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Bulgarians in Patagonia make traditional Bulgarian costumes, play the gadulka and grow Bulgarian spices

Photo: Cyril and Methodfius Association in Comodoro Rivadavia

The cold southern tip of Argentina is a geographical area called Patagonia, and it is the territory of Latin America that is closest to the South Pole. Comodoro Rivadavia is a town perched on the wind-swept shore of the Atlantic Ocean, known since the turn of the 20th century for its oil industry. That was a time when, fleeing the Great Depression, emigrants from all over the world came and settled here, including a large colony from Bulgaria.

One of the Bulgarians living here is Tsenka Genova, chairperson of the Cyril and Methodius Association in the town. “We are the southernmost Bulgarian association in the world,” Tsenka says and apologizes for her broken Bulgarian.

Tsenka and her husband Carlos

She was born in Troyan in Bulgaria 66 years ago. When she was two, she emigrated from communist-era Bulgaria with her parents to join her grandfather in Comodoro Rivadavia, a town on the other side of the globe, exactly 13,300 kms. from Bulgaria.

In our day there are more than 2,000 Bulgarians living in the town, second or third generation emigrants from Bulgaria, or children from mixed marriages who say they identify as being Bulgarian. Tsenka is the only Bulgarian there actually born in Bulgaria. She is married to an Argentinian man of Italian origin and her children speak a mixture of Bulgarian and Italian. Most Bulgarians in Comodoro Rivadavia are employed in the oil industry, though not all. Tsenka herself is a retired doctor who worked at a state hospital for 35 years. She says that the Bulgarian association in the town was founded 33 years ago and has around 80 active members.

The Bulgarian ladies in the town getting ready for the monthly gastro festival

“In the first days of March we always mark Bulgaria’s liberation from Ottoman rule, in the auditorium of the association, we also celebrate 1 March, and we talk about martenitsas and different Bulgarian traditions even though here it is autumn. It is an opportunity to talk about our faraway country, we invite many Bulgarians, and officials and public figures from the town,” Tsenka says.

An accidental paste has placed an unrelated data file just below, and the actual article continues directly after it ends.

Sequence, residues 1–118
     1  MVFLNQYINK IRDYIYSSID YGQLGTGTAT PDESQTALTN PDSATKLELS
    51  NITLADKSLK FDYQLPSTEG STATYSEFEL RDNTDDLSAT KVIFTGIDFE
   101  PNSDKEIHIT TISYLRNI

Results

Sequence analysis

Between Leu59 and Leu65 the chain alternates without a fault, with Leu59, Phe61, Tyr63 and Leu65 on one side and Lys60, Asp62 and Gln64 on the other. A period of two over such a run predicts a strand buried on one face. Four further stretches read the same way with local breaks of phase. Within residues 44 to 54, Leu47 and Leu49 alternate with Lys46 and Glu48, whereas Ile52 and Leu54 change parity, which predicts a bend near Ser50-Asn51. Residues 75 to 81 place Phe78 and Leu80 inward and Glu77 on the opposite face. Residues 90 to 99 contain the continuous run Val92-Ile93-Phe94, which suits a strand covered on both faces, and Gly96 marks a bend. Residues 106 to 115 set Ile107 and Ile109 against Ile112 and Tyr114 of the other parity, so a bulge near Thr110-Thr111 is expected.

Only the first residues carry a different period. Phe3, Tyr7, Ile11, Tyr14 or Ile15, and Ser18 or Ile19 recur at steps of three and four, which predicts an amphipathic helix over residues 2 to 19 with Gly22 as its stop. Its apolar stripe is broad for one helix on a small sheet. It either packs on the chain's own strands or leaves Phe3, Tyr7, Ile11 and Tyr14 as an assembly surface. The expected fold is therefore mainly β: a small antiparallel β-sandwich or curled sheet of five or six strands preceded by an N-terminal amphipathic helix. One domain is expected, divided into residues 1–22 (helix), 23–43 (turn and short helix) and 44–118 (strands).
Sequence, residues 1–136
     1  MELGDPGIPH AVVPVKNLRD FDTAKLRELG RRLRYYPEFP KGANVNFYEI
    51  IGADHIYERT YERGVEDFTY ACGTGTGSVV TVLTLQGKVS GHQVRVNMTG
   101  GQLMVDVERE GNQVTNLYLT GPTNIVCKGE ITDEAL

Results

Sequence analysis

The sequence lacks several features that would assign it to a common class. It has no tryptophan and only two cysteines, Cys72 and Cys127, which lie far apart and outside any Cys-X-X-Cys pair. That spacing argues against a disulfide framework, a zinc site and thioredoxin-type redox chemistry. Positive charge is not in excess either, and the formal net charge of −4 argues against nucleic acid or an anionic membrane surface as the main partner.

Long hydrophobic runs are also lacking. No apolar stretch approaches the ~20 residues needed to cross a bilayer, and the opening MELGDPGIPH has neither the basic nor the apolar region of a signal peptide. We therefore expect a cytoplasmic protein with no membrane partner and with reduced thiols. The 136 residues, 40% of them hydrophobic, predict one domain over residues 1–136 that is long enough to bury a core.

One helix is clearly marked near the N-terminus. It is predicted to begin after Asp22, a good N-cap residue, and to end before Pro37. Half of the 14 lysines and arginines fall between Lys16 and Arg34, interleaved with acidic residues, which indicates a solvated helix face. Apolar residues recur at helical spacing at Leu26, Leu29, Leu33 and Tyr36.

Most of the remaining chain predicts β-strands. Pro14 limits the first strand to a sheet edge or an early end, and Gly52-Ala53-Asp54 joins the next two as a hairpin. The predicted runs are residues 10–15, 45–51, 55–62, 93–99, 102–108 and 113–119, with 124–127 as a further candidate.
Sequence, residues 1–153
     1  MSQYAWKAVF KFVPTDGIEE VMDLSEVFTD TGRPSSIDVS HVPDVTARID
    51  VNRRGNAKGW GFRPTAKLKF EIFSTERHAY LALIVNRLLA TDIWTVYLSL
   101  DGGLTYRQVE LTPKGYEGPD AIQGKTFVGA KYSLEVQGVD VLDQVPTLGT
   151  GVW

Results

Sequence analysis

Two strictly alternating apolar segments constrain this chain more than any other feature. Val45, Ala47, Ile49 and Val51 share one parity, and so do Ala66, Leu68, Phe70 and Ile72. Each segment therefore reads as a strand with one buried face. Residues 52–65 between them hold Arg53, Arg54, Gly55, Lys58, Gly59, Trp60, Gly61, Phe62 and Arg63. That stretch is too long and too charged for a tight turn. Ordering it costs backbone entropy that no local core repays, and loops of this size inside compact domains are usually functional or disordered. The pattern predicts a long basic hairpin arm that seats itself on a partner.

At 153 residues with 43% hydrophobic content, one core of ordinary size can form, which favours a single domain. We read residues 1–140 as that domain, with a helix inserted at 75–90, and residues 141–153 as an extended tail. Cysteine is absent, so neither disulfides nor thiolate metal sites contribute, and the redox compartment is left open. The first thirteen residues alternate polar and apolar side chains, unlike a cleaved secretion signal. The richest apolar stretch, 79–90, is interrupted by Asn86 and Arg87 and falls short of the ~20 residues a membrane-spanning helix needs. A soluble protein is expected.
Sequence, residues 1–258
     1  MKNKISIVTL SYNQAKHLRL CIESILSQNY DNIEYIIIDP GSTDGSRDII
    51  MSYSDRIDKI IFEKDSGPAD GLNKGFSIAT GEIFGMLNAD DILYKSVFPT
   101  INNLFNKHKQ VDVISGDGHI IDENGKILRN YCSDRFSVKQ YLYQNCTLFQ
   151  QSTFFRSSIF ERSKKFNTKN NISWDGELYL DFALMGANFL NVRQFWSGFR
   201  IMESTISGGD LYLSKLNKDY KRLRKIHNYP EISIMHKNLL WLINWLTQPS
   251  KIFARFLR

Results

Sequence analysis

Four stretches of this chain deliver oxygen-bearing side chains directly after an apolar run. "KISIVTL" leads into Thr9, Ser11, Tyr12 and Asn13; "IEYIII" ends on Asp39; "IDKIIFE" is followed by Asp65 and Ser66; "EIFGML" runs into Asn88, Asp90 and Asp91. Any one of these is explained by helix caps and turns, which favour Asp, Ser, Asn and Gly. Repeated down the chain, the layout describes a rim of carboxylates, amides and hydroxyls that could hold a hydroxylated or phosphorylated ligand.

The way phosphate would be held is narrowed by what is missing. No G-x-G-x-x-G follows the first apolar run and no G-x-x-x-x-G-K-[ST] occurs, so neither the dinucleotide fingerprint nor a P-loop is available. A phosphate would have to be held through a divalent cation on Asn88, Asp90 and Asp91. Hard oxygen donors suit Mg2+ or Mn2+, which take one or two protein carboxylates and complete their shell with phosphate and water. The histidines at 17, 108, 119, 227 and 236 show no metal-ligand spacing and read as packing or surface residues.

The Bulgarian traditions are observed in Comodoro Rivadavia

The women endeavor to popularize Bulgaria’s national cuisine at monthly culinary festivals, and they do so with enthusiasm and with flair. 

Every week, Comodoro Rivadavia echoes with Bulgarian folk music. Young people from all parts of the town get together to rehearse Bulgarian folk dances. They learn the intricate steps of the horo and the ruchenitsa from their parents and grandparents, but most of all from…YouTube. And on 4 September every year the Bulgarian folklore group takes part in the highly popular fair of the communities in the town.

Taking part in the fair of the communities

 With the exception of several traditional outfits, gifted by the Bulgarian embassy some time ago, people in Comodoro Rivadavia make their own national costumes. There is a singing group as well, called Orpheus, as well as an instrumental group, the members of which, young people, have been learning to play the bagpipes and the kaval. “We were given a gadulka a month ago, and they are now learning how to play it,” Tsenka says. Asked what makes us the same and different from Argentinians, she says: “What makes us the same is that both Bulgarians and Argentinians are warm-hearted, but what makes us different is that we are hard-working.”

The Bulgarian stand at the fair of the communities

“We, Bulgarians are used to working, that is something we have been taught by our parents. We do not think it normal not to work. Here, in Patagonia, the climate is very severe. Nevertheless, we each have a garden and we grow tomatoes, peppers, vegetables. Some even grow Bulgarian spices for savory.”

Photos: Cyril and Methodfius Association in Comodoro Rivadavia

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